Letterpress Or Engraving
Letterpress Or Engraving – Amanda Black by Amanda Black Wedding Planning Specialist Amanda Black is the Head of Partnership for InspireMore, a positive media brand. Amanda is a successful manager, storyteller, editor and strategist. Amanda served as an editorial assistant for The Knot from 2010 to 2013.
While your invitations and design guide the style of your wedding, the printing process you choose – in particular, it determines how formal your wedding will be. How you choose to print will have a big impact on your budget and will partly determine the type of paper and design. To help you choose a technique, here is a list of all your options.
Letterpress Or Engraving
What it looks like: The letters are raised on the front and the back of the invitation is indented (often called indentation). Engraving is suitable for the most formal matters (and it is affordable – it is the most expensive printing method).
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How it is done: the image is engraved on a metal plate which is then filled with ink. The paper is pressed against the plate (with about 3,000 pounds of pressure) to receive the ink. This creates raised type on the front and indented type on the back
Paper Tips: Engraving often works best on thick paper, such as cotton fiber. (Thin stocks like parchment will split in the engraving process.) This is also a good choice if you are printing on colored paper.
Ink Tips: The ink used is incredibly thick, so you can print light ink on dark paper and it will still show through. While you can combine multiple ink colors with engraving, it is more time-consuming (and expensive), as each color requires its own plate and separate printer.
Turnaround Time: Depending on the printer and verification process, custom engraved invitations can take anywhere from two to six weeks to complete.
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What it looks like: It is almost indistinguishable from engraving, except that the letters are slightly shiny and the back of the invitation is still smooth. And like engraving, the heater has a formal look (just without the high price tag).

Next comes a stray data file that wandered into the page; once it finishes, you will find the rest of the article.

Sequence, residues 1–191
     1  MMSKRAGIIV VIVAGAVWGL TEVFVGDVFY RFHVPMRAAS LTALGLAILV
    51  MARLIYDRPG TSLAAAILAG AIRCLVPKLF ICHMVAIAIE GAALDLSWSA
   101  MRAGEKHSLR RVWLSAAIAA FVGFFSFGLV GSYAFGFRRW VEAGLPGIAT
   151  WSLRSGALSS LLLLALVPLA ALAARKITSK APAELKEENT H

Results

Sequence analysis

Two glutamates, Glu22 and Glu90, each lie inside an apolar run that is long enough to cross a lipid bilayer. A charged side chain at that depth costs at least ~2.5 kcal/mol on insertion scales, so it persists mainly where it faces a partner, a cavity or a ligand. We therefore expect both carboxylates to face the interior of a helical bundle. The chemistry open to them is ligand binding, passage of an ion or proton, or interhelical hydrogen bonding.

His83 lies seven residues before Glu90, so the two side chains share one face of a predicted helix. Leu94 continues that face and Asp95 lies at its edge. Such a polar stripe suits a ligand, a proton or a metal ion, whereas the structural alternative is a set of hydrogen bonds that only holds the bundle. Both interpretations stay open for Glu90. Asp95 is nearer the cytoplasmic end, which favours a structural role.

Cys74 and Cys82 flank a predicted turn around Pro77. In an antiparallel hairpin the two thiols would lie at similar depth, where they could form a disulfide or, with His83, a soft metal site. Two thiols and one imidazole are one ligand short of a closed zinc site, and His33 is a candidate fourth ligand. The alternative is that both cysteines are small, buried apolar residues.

How it’s done: A process that uses heat that combines powder with ink and resin to form raised letters. It differs only subtly from engraving work but is less expensive.
Paper pointers: Cotton fibers are usually a good substitute for paper. Stay away from pearlescent or glossy paper with heat. Glossy combinations will not look good together and will be difficult to read.
Tip of the ink: You have many restrictions on the color: because this method fuses the ink with the powder, it is not easy to get a nice pastel color. Set with light colored paper and dark ink. Thermography is best for small images (eg models) — full color images will not come out well.
Printing A Wood Engraving With Letterpress Founts
What it looks like: The letters are indented on the front and slightly raised on the back of the invitation. The look is structured and sophisticated. It is generally (but not necessarily) used for traditional designs and is one of the most valuable printing methods. That said, many stations offer lower-priced letterpress lines – but with fewer options for customization.
How it’s done: This is a labor-intensive method in which text or images are engraved in reverse (think: mirror image) on a raised surface (usually a sheet) and ink is applied to create an impression on the paper. Coated with
Paper Pointers: Letterpress requires light, heavy paper, so you’re limited to thick card stock like cotton fiber or bamboo paper (lines and details won’t appear as accurate and patterns won’t print well on thin paper). Also, stick to white or light colored paper and dark ink. The ink used for letterpress printing is thinner, so white or pastel ink tends to look gray and dull on black or dark paper.
Ink Tips: Stick to just one or two colors of ink, especially if you’re on a budget or have a tight deadline. Each color must be pressed separately on the printer.